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St. John's student drops suit over punishment

COLLEGEVILLE, Minn.—St. John's University and a student who was suspended for sexual misconduct have agreed to dismiss a lawsuit that alleged he was unfairly punished.

Aaron Wildenborg sued St. John's and the College of St. Benedict in October 2016 after the coordinate schools suspended him for two years for a sexual encounter with a St. Benedict student.

Wildenborg sought a clear disciplinary record, a return to school and the restoration of more than $50,000 in scholarships, plus cash damages.

Both parties agreed to dismiss the case last week with no exchange of money, court records show. The case file gives no information about additional terms of the dismissal, and attorneys and a spokesman for the schools did not return requests for comment Monday.

According to Wildenborg's complaint, a female classmate led him back to her dorm after partying on Halloween night, 2015.

As they kissed, he said he asked, "Do you consent to this?" She said she did, and they removed each other's clothes. The woman then performed sex acts on Wildenborg, he said.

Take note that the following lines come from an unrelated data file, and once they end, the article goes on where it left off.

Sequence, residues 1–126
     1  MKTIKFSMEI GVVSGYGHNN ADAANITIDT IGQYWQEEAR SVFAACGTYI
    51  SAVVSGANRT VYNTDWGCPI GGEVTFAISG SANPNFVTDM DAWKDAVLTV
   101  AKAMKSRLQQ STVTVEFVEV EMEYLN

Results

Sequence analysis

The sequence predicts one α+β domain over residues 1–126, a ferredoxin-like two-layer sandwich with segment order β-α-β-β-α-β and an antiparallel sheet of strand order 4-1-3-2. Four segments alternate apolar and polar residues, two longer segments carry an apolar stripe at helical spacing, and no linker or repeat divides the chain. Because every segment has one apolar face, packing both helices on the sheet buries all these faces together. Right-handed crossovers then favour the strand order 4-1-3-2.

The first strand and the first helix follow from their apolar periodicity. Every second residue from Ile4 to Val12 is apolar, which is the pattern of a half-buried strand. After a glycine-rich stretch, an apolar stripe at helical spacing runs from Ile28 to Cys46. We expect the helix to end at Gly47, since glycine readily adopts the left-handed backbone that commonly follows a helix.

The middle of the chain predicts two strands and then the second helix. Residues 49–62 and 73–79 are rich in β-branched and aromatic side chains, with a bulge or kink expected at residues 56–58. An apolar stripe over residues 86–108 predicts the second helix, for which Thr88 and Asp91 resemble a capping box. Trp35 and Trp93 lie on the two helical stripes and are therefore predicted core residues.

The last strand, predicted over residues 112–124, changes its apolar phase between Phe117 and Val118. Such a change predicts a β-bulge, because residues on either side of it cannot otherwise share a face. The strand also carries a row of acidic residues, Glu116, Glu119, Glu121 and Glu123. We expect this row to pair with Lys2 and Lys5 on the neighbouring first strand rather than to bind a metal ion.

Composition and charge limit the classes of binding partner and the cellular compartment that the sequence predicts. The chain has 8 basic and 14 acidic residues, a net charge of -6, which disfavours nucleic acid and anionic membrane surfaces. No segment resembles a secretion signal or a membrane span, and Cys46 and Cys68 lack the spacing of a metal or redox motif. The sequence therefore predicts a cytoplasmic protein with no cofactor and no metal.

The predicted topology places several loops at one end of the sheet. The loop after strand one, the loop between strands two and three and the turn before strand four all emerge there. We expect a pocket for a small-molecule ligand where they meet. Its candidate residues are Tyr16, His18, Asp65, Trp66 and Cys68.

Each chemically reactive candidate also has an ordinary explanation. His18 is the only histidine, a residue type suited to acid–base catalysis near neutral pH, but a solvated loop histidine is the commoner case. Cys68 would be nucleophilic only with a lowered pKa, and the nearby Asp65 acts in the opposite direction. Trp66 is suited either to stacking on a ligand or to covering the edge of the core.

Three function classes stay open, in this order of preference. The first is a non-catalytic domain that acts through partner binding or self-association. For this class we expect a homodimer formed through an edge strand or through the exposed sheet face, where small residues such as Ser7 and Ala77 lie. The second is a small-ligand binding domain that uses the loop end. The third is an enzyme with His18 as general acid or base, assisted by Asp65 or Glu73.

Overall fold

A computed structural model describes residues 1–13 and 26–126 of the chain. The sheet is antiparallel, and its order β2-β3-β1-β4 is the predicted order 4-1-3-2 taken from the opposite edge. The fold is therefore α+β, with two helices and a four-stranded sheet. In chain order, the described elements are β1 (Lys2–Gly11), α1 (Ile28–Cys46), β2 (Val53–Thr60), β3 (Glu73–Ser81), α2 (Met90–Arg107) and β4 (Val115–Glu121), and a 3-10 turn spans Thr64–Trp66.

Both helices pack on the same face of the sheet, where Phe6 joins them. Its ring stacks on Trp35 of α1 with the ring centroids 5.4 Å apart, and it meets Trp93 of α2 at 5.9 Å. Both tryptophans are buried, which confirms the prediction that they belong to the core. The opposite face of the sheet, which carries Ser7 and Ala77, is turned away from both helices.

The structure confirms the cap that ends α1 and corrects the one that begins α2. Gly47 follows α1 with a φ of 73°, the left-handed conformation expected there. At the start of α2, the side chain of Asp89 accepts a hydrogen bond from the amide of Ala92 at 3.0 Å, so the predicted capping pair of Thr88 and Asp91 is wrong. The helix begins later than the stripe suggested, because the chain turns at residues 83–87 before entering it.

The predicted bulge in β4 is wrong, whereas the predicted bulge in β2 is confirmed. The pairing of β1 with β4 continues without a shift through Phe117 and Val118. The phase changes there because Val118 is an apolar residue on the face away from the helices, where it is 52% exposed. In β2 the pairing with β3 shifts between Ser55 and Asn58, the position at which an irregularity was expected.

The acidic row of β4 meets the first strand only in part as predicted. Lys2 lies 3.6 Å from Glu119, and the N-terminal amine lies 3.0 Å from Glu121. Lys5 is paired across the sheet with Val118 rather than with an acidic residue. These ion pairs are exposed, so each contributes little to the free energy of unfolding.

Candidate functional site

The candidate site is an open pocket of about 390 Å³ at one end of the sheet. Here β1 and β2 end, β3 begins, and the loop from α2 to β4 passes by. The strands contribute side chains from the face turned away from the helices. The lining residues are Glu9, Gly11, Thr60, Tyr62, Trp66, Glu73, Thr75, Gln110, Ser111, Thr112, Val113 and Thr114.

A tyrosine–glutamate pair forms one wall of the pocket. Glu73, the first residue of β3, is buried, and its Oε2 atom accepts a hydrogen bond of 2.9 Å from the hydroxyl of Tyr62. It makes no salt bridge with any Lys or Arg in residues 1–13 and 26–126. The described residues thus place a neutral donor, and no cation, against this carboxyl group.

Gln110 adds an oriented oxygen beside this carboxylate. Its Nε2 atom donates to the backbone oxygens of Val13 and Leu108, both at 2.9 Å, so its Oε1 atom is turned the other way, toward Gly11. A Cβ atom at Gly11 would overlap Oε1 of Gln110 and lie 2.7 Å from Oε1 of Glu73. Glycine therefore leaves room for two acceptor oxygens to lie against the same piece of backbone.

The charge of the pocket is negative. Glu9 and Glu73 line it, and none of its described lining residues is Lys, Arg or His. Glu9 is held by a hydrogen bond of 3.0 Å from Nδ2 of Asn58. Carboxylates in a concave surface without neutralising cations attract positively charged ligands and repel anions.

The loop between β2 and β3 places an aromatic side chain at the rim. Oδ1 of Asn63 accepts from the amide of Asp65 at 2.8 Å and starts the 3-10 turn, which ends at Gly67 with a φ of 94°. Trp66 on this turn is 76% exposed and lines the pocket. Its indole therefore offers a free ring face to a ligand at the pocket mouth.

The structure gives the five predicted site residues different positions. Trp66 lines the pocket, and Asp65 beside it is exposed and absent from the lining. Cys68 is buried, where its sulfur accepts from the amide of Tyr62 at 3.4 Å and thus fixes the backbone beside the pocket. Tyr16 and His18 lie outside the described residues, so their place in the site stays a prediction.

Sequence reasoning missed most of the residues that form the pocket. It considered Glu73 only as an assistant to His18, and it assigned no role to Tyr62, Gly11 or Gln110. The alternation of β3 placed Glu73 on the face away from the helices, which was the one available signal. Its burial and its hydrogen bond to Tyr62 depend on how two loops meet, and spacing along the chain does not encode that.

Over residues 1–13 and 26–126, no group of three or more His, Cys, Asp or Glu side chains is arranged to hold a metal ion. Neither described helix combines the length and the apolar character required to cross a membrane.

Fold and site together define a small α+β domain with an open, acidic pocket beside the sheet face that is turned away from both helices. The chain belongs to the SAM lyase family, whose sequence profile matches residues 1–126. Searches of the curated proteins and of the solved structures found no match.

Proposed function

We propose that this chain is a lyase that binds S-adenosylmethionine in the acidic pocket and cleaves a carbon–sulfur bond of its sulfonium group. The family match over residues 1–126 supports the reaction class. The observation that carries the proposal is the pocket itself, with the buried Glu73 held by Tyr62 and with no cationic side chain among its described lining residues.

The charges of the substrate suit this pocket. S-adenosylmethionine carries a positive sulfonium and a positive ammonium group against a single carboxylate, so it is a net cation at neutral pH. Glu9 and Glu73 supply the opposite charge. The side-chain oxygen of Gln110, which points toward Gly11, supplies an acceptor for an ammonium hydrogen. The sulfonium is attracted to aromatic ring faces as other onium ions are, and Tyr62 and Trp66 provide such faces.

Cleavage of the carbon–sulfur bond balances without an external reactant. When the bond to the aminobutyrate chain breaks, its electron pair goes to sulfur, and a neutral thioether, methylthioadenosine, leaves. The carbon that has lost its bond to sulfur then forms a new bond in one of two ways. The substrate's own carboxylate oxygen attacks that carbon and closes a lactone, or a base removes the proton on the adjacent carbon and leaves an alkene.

The next day, the woman asked him by text whether they'd had sex and said she was intoxicated. She filed a formal complaint with the schools five months later.

The woman's friends told a school investigator she had been "pretty drunk" that night from alcoholic lemonade and shots of vodka.

A disciplinary panel concluded she was too intoxicated to consent to sex and kicked Wildenborg out of school for two years, giving the woman time to graduate before he'd return.

Wildenborg, who had been drinking too, said he saw no signs the woman was intoxicated.

Wildenborg's lawsuit accused the schools of violating the federal Title IX law by discriminating against him on the basis of sex.

Considering the woman performed sex acts on him, he said, his punishment "is so backwards and irrational that it can only be explained by discriminatory gender bias against males involving allegations of sexual assault."

The federal government since 2011 has required colleges to investigate sexual misconduct as an education matter, independent of any criminal proceeding. Colleges also were told to use the "preponderance of the evidence" standard, which in Wildenborg's case meant that he "more likely than not" violated the policy.

Last fall, U.S. Education Secretary Betsy DeVos said colleges may choose to use the "clear and convincing" evidentiary standard instead.

The St. Paul Pioneer Press is a media partner with Forum News Service